The Rocketeer is a 1991 superhero movie put out by Disney, which makes it an amusing echo of our current era so dominated by Disney-distributed blockbusters of the Marvel persuasion. It’s even directed by the guy who made Captain America: The First Avenger. This, however, is not why it’s the most relevant movie of 2017.
No, it’s because of the climax. The climax of The Rocketeer find our hero, Cliff Secord, in a stand-off with the bad guys in one of those scenes you find in pretty much every action movie: fedora-ed gangsters the Valentine gang and evil Hollywood star Neville Sinclair (a mustachioed Timothy Dalton) have the girl Cliff has been lusting after for the last 90 minutes or so (Jennifer Connelly) held hostage, and they’ll shoot her if he doesn’t give up the rocket-propelled jetpack that makes him The Rocketeer. This, also, is not why The Rocketeer is the most relevant movie of 2017.
The Rocketeer is the most relevant movie of 2017 because Cliff asks the head gangster, Eddie Valentine, what it’s like to work for a Nazi.
To back up a moment here, it’s 1938 and Cliff has spent the whole movie keeping this jetpack away from three groups of assholes. The first group is the Valentine gang, who stashed the jetpack at the airstrip where Cliff works because they (who all have New York accents and are named things like “Lenny”) were on the run from the second group of assholes who rightfully own the jetpack, the United States government. Cliff finds the rocket and, though the FBI very much would like it back, decides to use it for tricks so he can pay off the damages inflicted on the airstrip by the Valentine/FBI car chase of not so long ago. This puts him in the sights of not just the first two groups of assholes, but a third: Sinclair and his giant, disfigured henchman who wears an adorable little black hat and also literally folds people in half. Prior to the climax, Cliff is taken in by the FBI and, just before he makes an escape, learns that Sinclair is, in fact, a Nazi spy.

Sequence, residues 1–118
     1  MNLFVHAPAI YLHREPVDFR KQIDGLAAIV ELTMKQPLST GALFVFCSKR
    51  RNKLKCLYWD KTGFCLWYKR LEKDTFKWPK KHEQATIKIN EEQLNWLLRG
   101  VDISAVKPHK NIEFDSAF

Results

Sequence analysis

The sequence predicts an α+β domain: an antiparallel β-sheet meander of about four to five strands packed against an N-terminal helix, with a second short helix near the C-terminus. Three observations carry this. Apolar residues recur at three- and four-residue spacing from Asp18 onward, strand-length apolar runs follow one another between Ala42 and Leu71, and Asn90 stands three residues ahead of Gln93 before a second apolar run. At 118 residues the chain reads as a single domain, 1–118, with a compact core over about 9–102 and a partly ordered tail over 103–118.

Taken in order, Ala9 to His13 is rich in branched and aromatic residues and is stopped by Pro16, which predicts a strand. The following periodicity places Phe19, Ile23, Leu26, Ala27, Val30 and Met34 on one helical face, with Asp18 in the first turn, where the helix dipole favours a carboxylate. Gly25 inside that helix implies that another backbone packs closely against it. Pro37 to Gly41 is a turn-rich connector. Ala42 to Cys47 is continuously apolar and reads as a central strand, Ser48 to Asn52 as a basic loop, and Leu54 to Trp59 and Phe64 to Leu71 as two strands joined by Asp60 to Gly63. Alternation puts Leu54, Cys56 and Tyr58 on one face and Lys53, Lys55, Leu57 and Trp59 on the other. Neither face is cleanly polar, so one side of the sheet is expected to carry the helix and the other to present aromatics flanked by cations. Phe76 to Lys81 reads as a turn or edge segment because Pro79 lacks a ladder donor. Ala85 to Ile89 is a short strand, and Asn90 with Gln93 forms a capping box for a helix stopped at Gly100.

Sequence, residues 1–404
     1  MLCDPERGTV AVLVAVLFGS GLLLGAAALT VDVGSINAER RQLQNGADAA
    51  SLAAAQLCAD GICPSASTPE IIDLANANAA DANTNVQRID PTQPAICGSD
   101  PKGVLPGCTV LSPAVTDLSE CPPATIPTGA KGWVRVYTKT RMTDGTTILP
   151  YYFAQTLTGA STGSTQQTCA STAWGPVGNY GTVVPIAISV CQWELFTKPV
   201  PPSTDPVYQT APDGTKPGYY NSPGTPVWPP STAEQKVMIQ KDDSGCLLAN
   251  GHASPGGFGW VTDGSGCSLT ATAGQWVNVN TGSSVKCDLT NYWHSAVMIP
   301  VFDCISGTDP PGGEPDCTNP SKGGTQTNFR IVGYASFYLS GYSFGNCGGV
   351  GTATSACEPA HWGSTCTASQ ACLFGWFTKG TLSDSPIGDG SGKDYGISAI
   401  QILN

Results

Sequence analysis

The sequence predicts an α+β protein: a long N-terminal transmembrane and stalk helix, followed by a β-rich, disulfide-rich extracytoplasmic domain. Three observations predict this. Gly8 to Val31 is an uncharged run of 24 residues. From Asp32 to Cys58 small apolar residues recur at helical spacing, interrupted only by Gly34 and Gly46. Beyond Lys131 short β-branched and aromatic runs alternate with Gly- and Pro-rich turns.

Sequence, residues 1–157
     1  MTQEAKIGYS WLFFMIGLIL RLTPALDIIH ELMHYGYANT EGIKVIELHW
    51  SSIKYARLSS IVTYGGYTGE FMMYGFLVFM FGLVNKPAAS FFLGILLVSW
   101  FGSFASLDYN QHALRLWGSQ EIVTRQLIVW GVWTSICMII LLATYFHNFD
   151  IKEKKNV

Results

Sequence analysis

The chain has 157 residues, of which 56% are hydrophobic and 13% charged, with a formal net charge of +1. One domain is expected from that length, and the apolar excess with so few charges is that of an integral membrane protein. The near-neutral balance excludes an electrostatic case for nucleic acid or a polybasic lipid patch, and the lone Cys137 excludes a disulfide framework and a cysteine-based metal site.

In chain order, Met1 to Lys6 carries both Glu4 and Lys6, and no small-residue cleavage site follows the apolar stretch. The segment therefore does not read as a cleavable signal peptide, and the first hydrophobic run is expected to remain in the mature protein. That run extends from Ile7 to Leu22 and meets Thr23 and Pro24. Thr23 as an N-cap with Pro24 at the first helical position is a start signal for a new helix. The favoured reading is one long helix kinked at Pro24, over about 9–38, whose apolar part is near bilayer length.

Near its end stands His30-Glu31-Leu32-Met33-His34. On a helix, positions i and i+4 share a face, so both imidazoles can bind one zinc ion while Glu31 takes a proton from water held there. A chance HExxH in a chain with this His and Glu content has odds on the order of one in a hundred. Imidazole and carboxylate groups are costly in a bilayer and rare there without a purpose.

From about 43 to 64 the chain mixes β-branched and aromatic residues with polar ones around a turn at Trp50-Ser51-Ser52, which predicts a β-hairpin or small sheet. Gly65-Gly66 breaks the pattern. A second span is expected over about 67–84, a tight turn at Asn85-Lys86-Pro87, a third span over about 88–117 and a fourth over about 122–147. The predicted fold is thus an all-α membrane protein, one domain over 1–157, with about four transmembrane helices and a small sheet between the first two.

The Rocketeer is the most relevant movie of 2017 because after Cliff asks his question to the head gangster here, Eddie turns to Sinclair and wants to know what the hell he’s talking about. And when Sinclair asks Eddie if it matters who he works for as long as the money’s good, Eddie pulls out his gun and says, “I may not make an honest buck, but I’m 100% American and I don’t work for no two-bit Nazi.” Timothy Dalton shouts something in iffy German, which prompts a good number of extras dressed up as Nazis to jump out of the bushes and a zeppelin to appear on the horizon. Eddie and his men drop their weapons.
But then the FBI show up. The gunfight starts, Sinclair retreats with Jennifer Connelly into the zeppelin, and Eddie and the gangsters pick up their guns and start shooting at the Nazis, too, side-by-side with the FBI agents. When Cliff is about to Rocketeer off after the escaping zeppelin, he stands for just a moment beside an American flag and Eddie says to himself as only cheesy movie characters do, “Go get’em, kid.”
The Rocketeer is about togetherness.
The Rocketeer is about people, no matter who they or where they’re from or what they do for living, uniting under the most noble banner there is: hating Nazis.